Earlier HCCI research found that at the national level, commercial payers paid prices that were, on average, 122% of Medicare. However, we found that commercial professional service prices varied dramatically across states from 98% of Medicare in Alabama to 188% of Medicare in Wisconsin. There was similar variation within states, such as California, and also substantial variation within Metro Areas across types of providers and services. Health care is notable for the heterogeneity of providers that can provide a wide range/certain services. Many professional services can be provided by primary care providers, cardiologists, nephrologists, or any one of a number of other specialties or sub-specialties. As a result, policies that benchmark commercial prices to Medicare prices may disproportionately affect different specialties. For example, if commercial prices relative to Medicare differed for clinically or administratively similar services, any policy that tied commercial rates to Medicare rates also could lead to distortions in utilization. For example, if the commercial price relative to the Medicare price for an 15 minute established patient office visit is higher than for a 25 minute established patient office visit, a policy to tie rates to Medicare could lead to a change in practice pattern such that 25 minute established patient office visits would increase.
In order to assess if payments for the same services differed according to the type of physician specialty we compared the average commercial prices paid relative to Medicare for a basket of professional services provided by Primary Care providers (PCPs) to the same for all other types of providers (Non-PCPs) in 2017. To do this, we mapped each professional service claim to a single provider and then categorized those providers as either PCPs or Non-PCPs following Reiff et al. (2019).1
Figure 1 plots the average commercial professional service price relative to Medicare for services provided by PCPs and Non-PCPs for a sample set of metro areas. In some areas, such as Dayton, OH, and Denver, CO, we observe little difference in the commercial professional service prices as a percentage of Medicare by specialty type. In some metros, there was a much wider range. For example, in Sacramento, CA the average service price for PCPs was 187% of Medicare rates compared to the average price for Non-PCPs of 150% of Medicare.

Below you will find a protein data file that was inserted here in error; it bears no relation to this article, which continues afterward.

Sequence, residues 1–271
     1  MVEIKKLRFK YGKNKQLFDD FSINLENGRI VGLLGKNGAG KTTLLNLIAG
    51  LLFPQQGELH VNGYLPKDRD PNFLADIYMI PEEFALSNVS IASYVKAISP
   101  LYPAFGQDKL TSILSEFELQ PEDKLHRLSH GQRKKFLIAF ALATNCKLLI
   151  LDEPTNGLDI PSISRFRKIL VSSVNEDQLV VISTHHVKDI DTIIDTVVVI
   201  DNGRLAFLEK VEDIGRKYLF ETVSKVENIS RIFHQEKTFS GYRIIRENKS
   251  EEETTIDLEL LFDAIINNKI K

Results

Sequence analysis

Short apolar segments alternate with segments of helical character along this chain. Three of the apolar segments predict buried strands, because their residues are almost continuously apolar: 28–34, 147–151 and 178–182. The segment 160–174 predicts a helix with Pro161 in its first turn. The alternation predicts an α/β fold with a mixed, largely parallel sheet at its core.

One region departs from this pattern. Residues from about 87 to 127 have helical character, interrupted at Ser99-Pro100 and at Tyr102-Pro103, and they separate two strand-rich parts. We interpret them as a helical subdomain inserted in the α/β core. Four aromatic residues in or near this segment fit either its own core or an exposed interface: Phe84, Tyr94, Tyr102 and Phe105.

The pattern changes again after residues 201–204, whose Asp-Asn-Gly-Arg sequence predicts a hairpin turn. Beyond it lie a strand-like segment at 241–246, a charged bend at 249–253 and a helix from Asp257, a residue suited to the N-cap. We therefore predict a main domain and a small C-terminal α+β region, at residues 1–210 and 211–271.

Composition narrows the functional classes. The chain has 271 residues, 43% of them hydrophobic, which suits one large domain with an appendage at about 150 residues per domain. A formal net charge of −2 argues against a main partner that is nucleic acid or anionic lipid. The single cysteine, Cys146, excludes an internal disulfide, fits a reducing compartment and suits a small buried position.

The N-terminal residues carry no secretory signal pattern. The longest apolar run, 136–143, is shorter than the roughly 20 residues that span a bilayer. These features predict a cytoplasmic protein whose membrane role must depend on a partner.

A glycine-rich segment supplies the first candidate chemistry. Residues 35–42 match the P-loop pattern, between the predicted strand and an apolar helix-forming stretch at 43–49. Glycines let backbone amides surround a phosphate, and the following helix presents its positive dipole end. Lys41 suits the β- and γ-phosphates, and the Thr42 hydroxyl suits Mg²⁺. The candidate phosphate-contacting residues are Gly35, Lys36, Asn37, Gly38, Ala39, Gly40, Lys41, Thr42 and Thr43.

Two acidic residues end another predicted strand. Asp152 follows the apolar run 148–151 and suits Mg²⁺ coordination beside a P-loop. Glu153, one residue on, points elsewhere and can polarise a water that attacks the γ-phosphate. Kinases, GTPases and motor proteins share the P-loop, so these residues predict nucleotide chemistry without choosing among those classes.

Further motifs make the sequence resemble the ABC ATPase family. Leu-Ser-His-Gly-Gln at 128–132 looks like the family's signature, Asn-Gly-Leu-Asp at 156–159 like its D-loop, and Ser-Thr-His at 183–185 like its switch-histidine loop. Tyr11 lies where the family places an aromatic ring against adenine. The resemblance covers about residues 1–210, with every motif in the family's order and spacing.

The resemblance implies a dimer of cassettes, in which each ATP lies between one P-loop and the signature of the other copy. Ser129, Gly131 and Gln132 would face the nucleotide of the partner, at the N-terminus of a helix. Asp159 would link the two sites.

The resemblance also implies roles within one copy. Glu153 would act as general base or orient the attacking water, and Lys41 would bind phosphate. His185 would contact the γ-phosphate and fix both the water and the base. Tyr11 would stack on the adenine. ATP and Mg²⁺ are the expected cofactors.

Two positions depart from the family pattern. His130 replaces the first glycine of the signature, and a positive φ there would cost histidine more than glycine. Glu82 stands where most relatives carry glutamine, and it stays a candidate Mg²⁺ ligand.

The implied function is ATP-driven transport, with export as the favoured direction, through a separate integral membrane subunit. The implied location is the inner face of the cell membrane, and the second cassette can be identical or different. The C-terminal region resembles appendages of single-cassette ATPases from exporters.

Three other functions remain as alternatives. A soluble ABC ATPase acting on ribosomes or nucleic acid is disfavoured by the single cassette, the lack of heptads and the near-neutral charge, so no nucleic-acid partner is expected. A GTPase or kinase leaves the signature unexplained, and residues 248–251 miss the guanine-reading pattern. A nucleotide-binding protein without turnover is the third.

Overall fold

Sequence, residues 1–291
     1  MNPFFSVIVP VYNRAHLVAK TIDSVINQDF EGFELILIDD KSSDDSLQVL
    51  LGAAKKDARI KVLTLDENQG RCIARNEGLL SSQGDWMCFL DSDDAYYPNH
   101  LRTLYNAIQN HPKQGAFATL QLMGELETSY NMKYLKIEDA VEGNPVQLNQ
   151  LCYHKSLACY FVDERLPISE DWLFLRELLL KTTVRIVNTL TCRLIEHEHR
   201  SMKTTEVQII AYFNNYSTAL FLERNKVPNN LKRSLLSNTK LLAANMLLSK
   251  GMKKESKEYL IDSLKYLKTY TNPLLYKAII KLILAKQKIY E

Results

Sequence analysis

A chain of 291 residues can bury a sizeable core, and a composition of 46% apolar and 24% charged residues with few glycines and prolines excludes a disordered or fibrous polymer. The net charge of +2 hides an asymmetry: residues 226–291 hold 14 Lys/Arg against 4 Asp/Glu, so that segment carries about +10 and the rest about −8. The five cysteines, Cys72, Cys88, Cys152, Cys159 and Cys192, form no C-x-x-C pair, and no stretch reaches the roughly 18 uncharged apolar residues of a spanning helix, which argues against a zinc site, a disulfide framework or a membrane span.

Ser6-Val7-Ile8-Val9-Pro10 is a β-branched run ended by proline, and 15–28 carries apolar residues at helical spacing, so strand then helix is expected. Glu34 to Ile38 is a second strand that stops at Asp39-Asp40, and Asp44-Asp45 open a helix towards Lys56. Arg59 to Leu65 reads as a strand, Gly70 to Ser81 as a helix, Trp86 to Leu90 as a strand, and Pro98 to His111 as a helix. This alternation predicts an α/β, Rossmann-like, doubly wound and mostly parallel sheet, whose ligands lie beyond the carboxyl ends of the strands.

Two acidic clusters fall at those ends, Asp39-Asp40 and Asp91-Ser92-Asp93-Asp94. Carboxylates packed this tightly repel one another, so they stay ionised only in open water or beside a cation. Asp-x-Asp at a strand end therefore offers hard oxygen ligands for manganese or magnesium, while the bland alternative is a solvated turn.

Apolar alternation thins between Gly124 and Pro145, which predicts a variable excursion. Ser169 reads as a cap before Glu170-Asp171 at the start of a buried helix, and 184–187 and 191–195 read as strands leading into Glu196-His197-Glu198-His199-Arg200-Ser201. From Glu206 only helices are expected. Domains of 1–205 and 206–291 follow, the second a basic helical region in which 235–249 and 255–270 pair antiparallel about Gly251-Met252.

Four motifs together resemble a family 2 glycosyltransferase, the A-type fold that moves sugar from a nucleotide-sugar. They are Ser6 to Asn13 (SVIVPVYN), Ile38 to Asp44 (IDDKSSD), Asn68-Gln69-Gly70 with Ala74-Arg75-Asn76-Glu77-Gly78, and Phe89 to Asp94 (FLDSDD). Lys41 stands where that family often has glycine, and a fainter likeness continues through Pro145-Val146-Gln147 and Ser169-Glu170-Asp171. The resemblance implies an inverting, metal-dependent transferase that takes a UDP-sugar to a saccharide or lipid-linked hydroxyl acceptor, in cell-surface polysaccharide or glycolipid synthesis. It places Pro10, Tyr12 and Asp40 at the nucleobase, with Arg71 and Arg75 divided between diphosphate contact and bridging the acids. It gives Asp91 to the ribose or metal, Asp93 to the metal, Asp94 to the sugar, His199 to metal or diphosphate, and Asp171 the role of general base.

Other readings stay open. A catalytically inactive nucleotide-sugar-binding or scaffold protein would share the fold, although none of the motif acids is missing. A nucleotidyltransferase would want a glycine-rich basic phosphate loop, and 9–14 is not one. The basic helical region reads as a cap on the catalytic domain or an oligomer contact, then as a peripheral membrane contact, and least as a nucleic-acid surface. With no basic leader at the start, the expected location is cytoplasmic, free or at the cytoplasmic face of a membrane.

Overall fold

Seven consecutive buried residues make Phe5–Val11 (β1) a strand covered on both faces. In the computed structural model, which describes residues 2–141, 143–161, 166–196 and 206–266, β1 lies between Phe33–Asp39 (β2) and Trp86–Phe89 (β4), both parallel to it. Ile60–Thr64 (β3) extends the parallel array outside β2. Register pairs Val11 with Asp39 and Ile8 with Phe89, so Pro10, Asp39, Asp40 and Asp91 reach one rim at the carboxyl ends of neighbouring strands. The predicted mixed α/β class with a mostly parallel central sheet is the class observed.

We do not find that either PCPs or Non-PCPs consistently have higher commercial prices as a percentage of Medicare. In some metro areas, PCPs had higher price relative to Medicare than Non-PCPs. For example, commercial prices averaged 114% of Medicare among PCPs in Lakeland, FL, and 108% of Medicare among Non-PCPs. Similarly, in Charlotte, NC, commercial prices for PCPs were 151% of Medicare while they were 138% for Non-PCPs. On the other hand, in places like Boulder, CO, (121% of Medicare for PCPs and 125% for Non-PCPs) and Nashville, TN, (124% of Medicare for PCPs and 134% for Non-PCPs) PCPs had lower prices relative to Medicare than Non-PCPs. You can use the search bar in Figure 5 below to see how commercial prices for PCPs and Non-PCPs compared to Medicare rates in your metro area of interest.
Figure 2 plots the average commercial price relative to Medicare rates for two common services: 15-minute established patient office visit (CPT: 99213) and the 25-minute established patient office visit (CPT: 99214). Generally, we do not find substantial differences in commercial rates as a percentage of Medicare for these seemingly similar services, provided by primary care providers in the same metro area. The median difference among these services provided by PCPs was 2 percentage points. While beyond the scope of this report, this comparison is among two highly similar services. It is likely that there is larger variation across more distinct services.
In some metro areas, however, there was a larger discrepancy in commercial prices relative to Medicare rates even among these two office visits. For example, in Austin, TX the average commercial price for a 25-minute office visit with a primary care provider was 115% of Medicare whereas a 15-minute office visit was 106% of Medicare – a difference of almost 10 percentage points. In metro areas like Memphis, TN, commercial prices relative to Medicare for these two services were similar. We observe similar patterns among Non-PCPs as well as PCPs. Use the toggle below to see how office visit prices for select metro areas varied among both PCPs and Non-PCPs.
Even among very similar services, we observe differences in commercial prices relative to Medicare within metro areas. These examples highlight the fact that potential policies aimed at benchmarking commercial rates to Medicare may have a differential impact even within the same metropolitan area. For example, in a metro area with wide variation in the average commercial prices relative to Medicare between PCPs and Non-PCPs, like Sacramento, CA, the policy to cap commercial prices at 150% of Medicare (described above) would have differential financial impacts on different types of providers. Similarly, in metro areas where commercial rates as a percentage of Medicare vary by service, such as Austin, TX, a policy to cap commercial prices at a percentage of Medicare may change the financial calculus of providing particular services. This could either affect provider offices differentially based on their practice patterns or even incentivize a shift in which services offices perform – potentially undermining the impact of benchmarking Medicare rates.
For a complete discussion of this report's limitations please see the limitations section of our related report.
1Reiff, Julie, Niall Brennan, and Jean Fuglesten Biniek. “Primary Care Spending in the Commercially Insured Population.” JAMA 322, no. 22 (December 10, 2019): 2244–45. https://doi.org/10.1001/jama.2019.16058.